Princeton Gets $65 Million From the Perelmans to Add Undergrads

(Bloomberg) -- When Meg Whitman was running Ebay, she gave $30 million to Princeton University to build Whitman College, making her the first female namesake of the school’s six residential communities.

Princeton Gets $65 Million From the Perelmans to Add Undergrads

Sixteen years later, Princeton has decided its next college will be named after a woman and a man, thanks to a $65 million father-daughter gift to be announced Wednesday from Debra Perelman, the chief executive officer of Revlon, and Ronald O. Perelman, chairman of MacAndrews & Forbes and Revlon’s controlling shareholder. A female-led firm, Deborah Berke Partners, will design the complex.

The residential colleges “are really there to anchor your experience within Princeton,” Debra Perelman said in a phone interview. The smaller student communities “really drive connections, to have an understanding of the people around you as well as your fit in the world. Princeton helped instill values and ethics I still use today."

Perelman, 45, who graduated from Princeton in 1996, spent her first two years in Rockefeller College and majored in history. She wrote her thesis on clemency for war criminals after World War II.

Adding Perelman College and possibly another is part of a plan by President Christopher Eisgruber to increase the size of Princeton’s student body, with an emphasis on enrolling low-income and first-generation students. The school, which currently has 5,260 undergraduates, intends to add 125 students in each class.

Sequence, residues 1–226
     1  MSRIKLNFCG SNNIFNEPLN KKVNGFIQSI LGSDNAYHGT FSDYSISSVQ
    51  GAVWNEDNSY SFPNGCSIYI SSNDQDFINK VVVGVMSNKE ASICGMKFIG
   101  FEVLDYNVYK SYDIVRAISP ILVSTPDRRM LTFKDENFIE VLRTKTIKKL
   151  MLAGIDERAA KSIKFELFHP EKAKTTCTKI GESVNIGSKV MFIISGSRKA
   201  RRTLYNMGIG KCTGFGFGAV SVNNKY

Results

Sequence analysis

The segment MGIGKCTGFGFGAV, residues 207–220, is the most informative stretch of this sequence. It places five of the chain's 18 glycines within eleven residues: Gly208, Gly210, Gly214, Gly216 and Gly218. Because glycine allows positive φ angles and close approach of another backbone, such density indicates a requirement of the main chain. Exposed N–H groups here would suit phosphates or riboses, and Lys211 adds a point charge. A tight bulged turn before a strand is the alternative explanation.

“We are very excited that the establishment of Perelman College will support the university’s renewed mission to create a more diverse and inclusive campus,” Ronald Perelman, 75, said in a statement. “People of all backgrounds and communities deserve access to the extraordinary education and training offered by Princeton and all the wonderful opportunities afforded its graduates.”

The Perelman Family Foundation has made other gifts to universities, including the University of Pennsylvania and Columbia Business School. In 1995, it gave Princeton $5 million to create the Ronald O. Perelman Institute for Judaic Studies. The New Jersey Ivy League school is the fifth-richest U.S. college with a $25.9 billion endowment.

Princeton Gets $65 Million From the Perelmans to Add Undergrads

While no drawings of Perelman College have been made public, the university plans to locate it on a site south of Poe Field and east of Elm Drive, according to the statement.

Princeton’s existing residential colleges are composed of multiple buildings, with dining halls and other amenities. Whitman has a theater and dark room, while Rockefeller College houses a bicycle repair shop staffed by volunteer mechanics. Forbes College has a terrace with hammocks and Adirondack chairs overlooking a golf course.

Princeton’s first college was established as an alternative to the private eating clubs, which long dominated the university’s social life. It was named after Woodrow Wilson, who served as the university’s leader before being elected the 28th U.S. president. Students in 2015 called for removal of his name from the college and several Princeton programs in protest of his segregationist views, but the school’s trustees instead voted to rename other buildings after black faculty members Toni Morrison and Arthur Lewis.

Naming privileges are a tricky thing on campuses these days. After protests, Yale University assigned a new title to its residential college named after slave owner John Calhoun. It’s now called Hopper College, after former computer scientist and Navy Admiral Grace Hopper.

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